This mark is automatically generated based on current and recent activity in the IV/LAB.

* The number of lab members who have logged in to our linux machines in the past 24 hours is 1.
* The number of lab members who have logged in to our linux machines this week is 1.
* The current size of the directory for our published research papers is 24249887 KB.
* The lights in the lab are on.

Interactive Slice WIM: Navigating and Interrogating Volume Datasets Using a Multi-Surface, Multi-Touch VR Interface

Journal Article

Interactive Slice WIM: Navigating and Interrogating Volume Datasets Using a Multi-Surface, Multi-Touch VR Interface. Dane Coffey, Nicholas Malbraaten, Trung Le, Iman Borazjani, Fotis Sotiropoulos, Arthur G. Erdman, Daniel F. Keefe. IEEE Transactions on Visualization and Computer Graphics (2012) Volume 18 pp. 1614-1626

Abstract

We present Interactive Slice WIM, a framework for navigating and interrogating volumetric datasets using an interface enabled by a virtual reality environment made of two display surfaces: an interactive multi-touch table, and a stereoscopic display wall. The framework addresses two current challenges in immersive visualization: (1) providing an appropriate overview+detail style of visualization while navigating through volume data, and (2) supporting interactive querying and data exploration, i.e., interrogating volume data. The approach extends the World-in-Miniature (WIM) metaphor, simultaneously displaying a large-scale detailed data visualization and an interactive miniature. Leveraging the table+wall hardware, horizontal slices are projected (like a shadow) down onto the table surface, providing a useful 2D data overview to complement the 3D views as well as a data context for interpreting 2D multi-touch gestures made on the table. In addition to enabling effective navigation through complex geometries, extensions to the core Slice WIM technique support interacting with a set of multiple slices that persist on the table even as the user navigates around a scene and annotating and measuring data via points, paths, and volumes specified using interactive slices. Applications of the interface to two volume datasets are presented, and design decisions, limitations, and user feedback are discussed.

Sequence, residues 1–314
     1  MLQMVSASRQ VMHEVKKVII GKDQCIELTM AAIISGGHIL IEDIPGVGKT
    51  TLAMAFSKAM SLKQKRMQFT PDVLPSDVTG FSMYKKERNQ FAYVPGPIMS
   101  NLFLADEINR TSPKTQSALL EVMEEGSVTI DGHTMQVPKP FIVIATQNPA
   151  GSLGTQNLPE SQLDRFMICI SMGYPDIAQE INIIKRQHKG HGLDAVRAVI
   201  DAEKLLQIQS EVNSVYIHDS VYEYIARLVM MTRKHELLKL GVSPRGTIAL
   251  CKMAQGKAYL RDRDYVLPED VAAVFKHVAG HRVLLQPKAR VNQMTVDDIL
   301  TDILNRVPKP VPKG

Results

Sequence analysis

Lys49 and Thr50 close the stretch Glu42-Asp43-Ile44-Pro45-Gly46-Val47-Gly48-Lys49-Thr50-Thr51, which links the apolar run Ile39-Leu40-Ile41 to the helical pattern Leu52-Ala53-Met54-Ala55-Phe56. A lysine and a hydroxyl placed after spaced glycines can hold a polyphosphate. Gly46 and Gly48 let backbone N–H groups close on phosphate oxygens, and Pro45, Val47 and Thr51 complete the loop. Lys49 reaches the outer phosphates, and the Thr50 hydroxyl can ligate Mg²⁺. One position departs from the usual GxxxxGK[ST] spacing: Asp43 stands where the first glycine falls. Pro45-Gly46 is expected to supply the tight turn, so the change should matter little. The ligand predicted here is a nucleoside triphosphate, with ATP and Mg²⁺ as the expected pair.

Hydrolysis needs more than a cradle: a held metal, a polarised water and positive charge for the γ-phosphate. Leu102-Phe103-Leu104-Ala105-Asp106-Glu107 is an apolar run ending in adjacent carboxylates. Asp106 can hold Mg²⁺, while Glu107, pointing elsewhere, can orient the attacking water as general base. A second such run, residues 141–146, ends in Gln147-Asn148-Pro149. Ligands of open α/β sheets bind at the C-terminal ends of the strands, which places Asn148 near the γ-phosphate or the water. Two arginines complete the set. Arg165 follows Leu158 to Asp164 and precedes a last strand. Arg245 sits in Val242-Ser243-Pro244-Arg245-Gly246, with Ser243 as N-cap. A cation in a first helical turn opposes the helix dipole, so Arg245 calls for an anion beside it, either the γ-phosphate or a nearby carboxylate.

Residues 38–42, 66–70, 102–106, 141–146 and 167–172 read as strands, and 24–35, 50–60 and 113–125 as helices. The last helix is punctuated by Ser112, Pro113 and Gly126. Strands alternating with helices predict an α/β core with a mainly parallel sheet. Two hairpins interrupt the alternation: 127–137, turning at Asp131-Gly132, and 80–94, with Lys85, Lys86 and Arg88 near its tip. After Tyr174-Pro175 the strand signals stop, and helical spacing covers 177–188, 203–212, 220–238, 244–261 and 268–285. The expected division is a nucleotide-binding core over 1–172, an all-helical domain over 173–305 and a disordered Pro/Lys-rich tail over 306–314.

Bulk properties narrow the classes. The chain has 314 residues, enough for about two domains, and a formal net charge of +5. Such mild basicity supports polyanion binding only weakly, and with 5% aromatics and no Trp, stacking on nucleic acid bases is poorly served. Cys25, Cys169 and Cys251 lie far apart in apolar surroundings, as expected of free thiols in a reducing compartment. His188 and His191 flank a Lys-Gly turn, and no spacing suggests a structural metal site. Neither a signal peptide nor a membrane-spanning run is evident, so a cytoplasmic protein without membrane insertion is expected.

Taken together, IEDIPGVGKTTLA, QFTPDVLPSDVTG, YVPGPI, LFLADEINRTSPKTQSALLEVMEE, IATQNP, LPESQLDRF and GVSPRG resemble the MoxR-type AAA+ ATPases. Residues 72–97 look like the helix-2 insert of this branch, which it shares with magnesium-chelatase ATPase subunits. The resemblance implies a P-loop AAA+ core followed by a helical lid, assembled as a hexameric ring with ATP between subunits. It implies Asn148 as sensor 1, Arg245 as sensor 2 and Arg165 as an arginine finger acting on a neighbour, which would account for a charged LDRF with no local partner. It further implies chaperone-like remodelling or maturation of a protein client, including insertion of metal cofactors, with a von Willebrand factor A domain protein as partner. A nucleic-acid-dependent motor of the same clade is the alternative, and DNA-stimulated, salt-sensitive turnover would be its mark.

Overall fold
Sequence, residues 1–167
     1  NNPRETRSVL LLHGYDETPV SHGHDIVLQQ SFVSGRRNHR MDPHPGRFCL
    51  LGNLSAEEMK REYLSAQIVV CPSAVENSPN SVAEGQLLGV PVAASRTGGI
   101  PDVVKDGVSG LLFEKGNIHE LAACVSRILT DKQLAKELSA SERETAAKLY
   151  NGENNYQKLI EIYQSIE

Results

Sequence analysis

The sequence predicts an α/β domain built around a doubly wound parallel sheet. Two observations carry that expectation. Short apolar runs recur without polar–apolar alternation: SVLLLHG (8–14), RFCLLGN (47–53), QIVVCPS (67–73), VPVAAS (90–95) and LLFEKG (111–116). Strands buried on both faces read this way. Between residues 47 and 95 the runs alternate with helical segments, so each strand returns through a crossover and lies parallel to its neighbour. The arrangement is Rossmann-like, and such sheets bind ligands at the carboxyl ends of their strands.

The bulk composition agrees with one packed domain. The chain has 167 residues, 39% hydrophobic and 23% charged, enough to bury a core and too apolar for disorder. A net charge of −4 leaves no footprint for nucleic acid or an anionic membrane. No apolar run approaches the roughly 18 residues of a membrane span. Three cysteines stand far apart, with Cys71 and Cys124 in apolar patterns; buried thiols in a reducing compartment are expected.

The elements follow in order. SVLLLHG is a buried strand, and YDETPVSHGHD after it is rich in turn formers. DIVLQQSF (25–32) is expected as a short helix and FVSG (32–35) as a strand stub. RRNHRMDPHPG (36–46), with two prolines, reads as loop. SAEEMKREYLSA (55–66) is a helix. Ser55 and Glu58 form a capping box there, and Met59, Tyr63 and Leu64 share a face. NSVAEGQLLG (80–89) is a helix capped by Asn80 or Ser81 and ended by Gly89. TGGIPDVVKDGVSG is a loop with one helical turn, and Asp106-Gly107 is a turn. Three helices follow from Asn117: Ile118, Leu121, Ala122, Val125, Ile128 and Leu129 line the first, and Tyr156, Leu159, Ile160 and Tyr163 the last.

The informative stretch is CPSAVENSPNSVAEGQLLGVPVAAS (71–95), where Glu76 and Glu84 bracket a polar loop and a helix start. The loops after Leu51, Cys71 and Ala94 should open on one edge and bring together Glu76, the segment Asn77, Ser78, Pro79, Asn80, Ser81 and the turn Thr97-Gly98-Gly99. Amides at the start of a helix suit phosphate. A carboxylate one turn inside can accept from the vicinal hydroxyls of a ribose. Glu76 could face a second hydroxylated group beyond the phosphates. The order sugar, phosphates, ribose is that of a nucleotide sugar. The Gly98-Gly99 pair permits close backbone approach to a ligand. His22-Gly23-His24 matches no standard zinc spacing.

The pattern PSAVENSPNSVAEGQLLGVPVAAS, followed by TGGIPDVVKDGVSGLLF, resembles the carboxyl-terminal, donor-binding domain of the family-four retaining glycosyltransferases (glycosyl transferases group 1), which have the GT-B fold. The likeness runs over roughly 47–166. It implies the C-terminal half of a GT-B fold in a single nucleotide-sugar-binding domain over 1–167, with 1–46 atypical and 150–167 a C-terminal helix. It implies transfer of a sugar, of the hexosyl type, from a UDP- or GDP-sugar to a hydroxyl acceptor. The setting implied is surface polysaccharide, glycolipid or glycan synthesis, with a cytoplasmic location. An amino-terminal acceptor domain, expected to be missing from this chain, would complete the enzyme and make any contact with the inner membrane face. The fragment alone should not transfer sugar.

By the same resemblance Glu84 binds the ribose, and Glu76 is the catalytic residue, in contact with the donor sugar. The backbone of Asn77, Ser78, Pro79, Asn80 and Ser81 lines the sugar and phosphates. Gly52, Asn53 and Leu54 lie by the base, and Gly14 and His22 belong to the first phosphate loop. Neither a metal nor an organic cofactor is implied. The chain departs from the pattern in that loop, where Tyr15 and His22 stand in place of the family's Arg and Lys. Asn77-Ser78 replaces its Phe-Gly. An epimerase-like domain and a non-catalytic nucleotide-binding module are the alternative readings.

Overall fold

Video
Projects
Links